Matthew Garrett‘s great work with a number of PCIe ASPM patches and fixes means that now openSUSE 12.2 seems to correctly detect the ASPM capabilities of my PCIe devices, making the pcie_aspm=force boot parameter obsolete. Once you have openSUSE 12.2 installed, you can this for yourself, run the following from the terminal (as root)[b]

lspci -vvv|grep ASPM


You should get a list showing that the majority of your PCI devices have ASPM Enabled. The more devices with ASPM L1 enabled the better, as this provides greater power reductions
I have tried booting openSUSE 12.2 with the following boot parameter


In theory one of these should set the aspm policy to a greater powersaving mode – I haven’t seen any improvement
Trying to double check what policy it’s using with ‘cat /sys/module/pcie_aspm/parameters/policy’ suggests it’s still set to [default] and ignoring my attempts to eek out a little more battery life.
If you have a different experience, please comment below!


Some people probably think the built in GPU to Sandybridge chips is a cool thing. When it comes to power consumption on Linux, it seems to me to pretty much be a pain in the arse. The i915 driver has a ton of power saving parameters, many of which are turned off by default, to play on the safe side as it seems no two chipsets from the i915 are exactly the same and some really don’t seem to like some of these paramters

The following have all been tested on an X220 Thinkpad with an i7 CPU. They work fine for me and so far have had no negative effects, just significant battery life gains. That said, your mileage may vary, please test and find out what works best for you

i915 RC6

The i915 RC6 feature allows the GPU to enter a lower power state during GPU idle. Back in openSUSE 12.1 my recommendation was to boot with this parameter set to ’1′
However, doing a ‘modinfo i915′ in openSUSE 12.2 reveals that the i915 RC6 parameter actually controls several different stages of RC6, noted as “RC6, “Deep RC6″, and “Deepest RC6″, each with obviously different effects on power consumption.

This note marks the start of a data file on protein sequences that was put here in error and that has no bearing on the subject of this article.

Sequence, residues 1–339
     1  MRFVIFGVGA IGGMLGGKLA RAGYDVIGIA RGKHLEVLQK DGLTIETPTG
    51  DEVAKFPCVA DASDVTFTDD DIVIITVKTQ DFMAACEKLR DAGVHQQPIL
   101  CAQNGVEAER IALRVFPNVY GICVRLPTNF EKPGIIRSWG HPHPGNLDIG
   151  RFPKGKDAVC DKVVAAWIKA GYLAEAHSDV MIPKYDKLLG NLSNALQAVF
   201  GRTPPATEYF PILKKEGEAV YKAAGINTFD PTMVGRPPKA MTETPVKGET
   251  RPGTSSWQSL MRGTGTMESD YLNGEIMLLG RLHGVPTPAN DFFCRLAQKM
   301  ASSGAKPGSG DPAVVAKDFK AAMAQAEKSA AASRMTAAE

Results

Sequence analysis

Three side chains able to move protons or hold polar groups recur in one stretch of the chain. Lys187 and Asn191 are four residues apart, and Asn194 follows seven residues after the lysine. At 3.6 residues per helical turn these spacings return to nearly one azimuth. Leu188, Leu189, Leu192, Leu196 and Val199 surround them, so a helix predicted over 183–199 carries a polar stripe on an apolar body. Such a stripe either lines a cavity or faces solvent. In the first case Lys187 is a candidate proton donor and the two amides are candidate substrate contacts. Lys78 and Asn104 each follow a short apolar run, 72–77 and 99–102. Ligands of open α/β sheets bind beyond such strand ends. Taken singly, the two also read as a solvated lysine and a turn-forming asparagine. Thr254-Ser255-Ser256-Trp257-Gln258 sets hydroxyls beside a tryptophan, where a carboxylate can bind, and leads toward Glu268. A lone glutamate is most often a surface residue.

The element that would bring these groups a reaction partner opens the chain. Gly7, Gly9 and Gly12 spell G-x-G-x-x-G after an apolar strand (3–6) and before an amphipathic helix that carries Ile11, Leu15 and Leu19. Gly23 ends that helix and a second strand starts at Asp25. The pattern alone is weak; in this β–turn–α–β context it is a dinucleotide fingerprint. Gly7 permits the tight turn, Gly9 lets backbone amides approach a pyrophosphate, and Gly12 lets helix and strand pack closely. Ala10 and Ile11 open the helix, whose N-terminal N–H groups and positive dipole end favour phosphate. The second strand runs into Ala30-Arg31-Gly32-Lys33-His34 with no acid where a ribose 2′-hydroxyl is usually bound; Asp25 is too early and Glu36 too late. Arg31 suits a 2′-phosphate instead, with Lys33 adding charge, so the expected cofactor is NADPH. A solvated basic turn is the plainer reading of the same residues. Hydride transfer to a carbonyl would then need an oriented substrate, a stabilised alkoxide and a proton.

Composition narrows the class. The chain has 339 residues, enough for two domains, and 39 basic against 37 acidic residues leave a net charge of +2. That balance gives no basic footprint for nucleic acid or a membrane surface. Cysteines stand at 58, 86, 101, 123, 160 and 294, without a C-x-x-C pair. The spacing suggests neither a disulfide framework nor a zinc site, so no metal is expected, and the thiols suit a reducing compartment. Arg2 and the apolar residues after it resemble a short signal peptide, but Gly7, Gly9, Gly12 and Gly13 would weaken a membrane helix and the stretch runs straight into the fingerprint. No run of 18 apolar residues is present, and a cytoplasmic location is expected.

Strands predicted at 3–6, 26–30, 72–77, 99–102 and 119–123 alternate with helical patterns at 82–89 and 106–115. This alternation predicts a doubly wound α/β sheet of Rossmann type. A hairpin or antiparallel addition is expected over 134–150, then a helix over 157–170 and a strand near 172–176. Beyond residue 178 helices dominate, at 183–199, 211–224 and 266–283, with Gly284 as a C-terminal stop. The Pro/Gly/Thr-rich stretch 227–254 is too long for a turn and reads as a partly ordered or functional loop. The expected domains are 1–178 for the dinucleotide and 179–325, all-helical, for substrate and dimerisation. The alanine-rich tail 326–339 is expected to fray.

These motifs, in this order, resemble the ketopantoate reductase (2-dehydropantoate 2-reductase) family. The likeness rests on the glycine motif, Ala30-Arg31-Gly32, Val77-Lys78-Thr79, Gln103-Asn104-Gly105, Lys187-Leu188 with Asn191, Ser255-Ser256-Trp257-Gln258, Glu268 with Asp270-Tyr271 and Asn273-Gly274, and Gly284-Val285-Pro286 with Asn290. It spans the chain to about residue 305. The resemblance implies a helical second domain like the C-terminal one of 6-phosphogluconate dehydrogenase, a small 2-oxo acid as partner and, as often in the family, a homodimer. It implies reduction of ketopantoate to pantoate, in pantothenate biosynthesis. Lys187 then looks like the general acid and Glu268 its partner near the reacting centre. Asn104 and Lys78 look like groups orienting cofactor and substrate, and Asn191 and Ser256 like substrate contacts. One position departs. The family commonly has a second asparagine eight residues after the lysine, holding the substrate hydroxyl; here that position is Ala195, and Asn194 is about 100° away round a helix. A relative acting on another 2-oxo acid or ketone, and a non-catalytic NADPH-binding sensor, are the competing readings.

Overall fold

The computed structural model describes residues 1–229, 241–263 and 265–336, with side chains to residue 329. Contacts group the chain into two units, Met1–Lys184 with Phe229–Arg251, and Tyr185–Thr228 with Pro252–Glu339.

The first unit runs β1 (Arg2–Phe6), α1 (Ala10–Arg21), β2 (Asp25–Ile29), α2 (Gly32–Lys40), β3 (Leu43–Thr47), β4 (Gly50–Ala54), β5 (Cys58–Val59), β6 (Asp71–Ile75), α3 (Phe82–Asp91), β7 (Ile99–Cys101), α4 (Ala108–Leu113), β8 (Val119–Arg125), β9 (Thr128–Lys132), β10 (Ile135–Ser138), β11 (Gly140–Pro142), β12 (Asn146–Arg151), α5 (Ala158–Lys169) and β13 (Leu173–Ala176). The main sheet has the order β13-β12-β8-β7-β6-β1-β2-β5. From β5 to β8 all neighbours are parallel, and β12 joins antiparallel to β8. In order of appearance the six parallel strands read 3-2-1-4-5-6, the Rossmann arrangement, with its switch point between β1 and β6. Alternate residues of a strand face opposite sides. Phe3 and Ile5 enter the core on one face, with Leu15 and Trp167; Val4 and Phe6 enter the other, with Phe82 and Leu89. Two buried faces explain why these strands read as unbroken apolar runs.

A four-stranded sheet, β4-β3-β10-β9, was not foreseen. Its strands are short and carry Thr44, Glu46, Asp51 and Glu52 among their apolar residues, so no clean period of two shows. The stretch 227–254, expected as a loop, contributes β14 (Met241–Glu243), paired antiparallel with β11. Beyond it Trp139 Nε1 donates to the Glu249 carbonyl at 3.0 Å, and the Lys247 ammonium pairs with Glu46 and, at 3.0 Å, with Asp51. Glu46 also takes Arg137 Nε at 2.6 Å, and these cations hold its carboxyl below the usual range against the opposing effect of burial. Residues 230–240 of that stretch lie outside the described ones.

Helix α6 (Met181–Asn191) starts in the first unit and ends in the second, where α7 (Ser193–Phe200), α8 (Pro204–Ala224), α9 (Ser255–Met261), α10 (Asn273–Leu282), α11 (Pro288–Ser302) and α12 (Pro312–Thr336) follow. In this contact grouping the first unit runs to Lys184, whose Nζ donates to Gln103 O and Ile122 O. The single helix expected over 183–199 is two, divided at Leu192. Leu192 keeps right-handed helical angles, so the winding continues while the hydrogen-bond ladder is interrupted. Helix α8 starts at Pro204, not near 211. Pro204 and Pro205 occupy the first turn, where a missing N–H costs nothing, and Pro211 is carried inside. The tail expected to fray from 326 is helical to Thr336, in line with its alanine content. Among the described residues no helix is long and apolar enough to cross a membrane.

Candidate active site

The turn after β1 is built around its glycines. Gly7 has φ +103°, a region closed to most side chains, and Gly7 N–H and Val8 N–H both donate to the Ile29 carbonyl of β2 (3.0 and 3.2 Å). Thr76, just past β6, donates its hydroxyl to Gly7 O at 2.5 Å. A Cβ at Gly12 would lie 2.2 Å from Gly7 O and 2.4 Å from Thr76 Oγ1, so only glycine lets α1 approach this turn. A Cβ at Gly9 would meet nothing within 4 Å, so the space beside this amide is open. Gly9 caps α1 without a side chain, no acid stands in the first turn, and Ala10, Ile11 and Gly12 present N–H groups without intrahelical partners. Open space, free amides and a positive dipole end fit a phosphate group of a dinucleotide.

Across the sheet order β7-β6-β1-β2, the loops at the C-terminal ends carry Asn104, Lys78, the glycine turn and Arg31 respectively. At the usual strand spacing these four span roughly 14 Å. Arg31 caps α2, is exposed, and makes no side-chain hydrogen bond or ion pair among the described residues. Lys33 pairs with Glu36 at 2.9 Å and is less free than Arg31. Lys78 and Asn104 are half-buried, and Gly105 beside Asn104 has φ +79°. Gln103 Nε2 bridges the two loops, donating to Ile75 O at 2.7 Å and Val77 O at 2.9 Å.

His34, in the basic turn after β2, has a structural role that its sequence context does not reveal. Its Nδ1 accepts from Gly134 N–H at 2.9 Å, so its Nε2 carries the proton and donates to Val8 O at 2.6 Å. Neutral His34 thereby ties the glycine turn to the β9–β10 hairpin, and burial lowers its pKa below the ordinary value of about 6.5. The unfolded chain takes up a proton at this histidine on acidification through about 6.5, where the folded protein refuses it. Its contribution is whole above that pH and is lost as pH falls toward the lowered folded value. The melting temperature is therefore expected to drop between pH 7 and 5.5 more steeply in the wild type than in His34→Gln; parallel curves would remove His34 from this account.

Booting up with the following boot parameter enables all 3 RC6 states, for maximum power savings.

i915 Framebuffer Compression

Framebuffer compression reduces the memory bandwidth on screen refereshes and depending on the image in the framebuffer can reduce power consumption. My tests suggest this saves around about 1 Watt

To enable it, boot with the following kernel boot parameter

i915 LVDS Downclocking

This option will download the LVDS refresh rate which in theory should save power. In my tests it didn’t seem to do much, but it didn’t break anything either so I’m still running it on my default boot options


DRM vblank off delay

This parameter reduces DRM wakeup events and according to powertop seems to be saving me a good couple of watts of power.


Stuff I didn’t try


Powertop has a theoretically great feature that can suggest and implement settings to improve the power saving of a number of devices, including Webcams, Audio, DRAM, ethernet, etc
However, every time I tested it in openSUSE 12.1, it always seems to break more than it fixed, and even though openSUSE 12.2 comes with the nice and shiny powertop v2, I haven’t been brave enough to play around with this yet. If you give it a shot, let me know how it goes in the comments

Aggressive Link Power Management

Aggressive Link Power Management (ALPM) is a mechanism where a SATA AHCI controller can put the SATA link that connects to the disk into a very low power mode during periods of zero I/O activity and into an active power state when work needs to be done. Tests show that this can save around 0.5-2 Watts of power on a typical system.
But as it can theoretically cause data loss on some controllers that end up going into their low power states incorrectly, I’ve avoided looking into this and probably wont (I’m quite happy with the results of the above parameters). Again, if you’re braving than me, let me know how it goes


Pulling all the above together, if you want to have my recommended maximum (stable) power consumption on Sandybridge laptops running openSUSE 12.2 all you need to do is

[li]Fire up YaST [/li][li]Go to Boot Loader [/li][li]Find the field for ‘Optional Kernel Command Line Parameter’[/li][LIST]
[li]If you’re using Grub2 this is under “Boot Loader Options” [/li][li]If you’re using Grub1 this is under the Edit option for whichever Grub menu entry fires up openSUSE 12.2 [/li][/ul]

[li]Add the following to the end of the line (which usually ends in ‘showopts’) [/li][/LIST]
i915.i915_enable_rc6=7 i915.i915_enable_fbc=1 i915.lvds_downclock=1 drm.vblankoffdelay=1

[li]Click OK, Close YaST, reboot your system, and you should be home free with a laptop with a power consumption lasting twice as long[/li](in my tests, I went from over 20W with Wifi/Bluetooth enabled and Full backlight brightness, to around 10W, obviously dropping even lower if I reduce the backlight and turn off Wireless)

Please let me know how it works out for you in the comments below!

Thank You,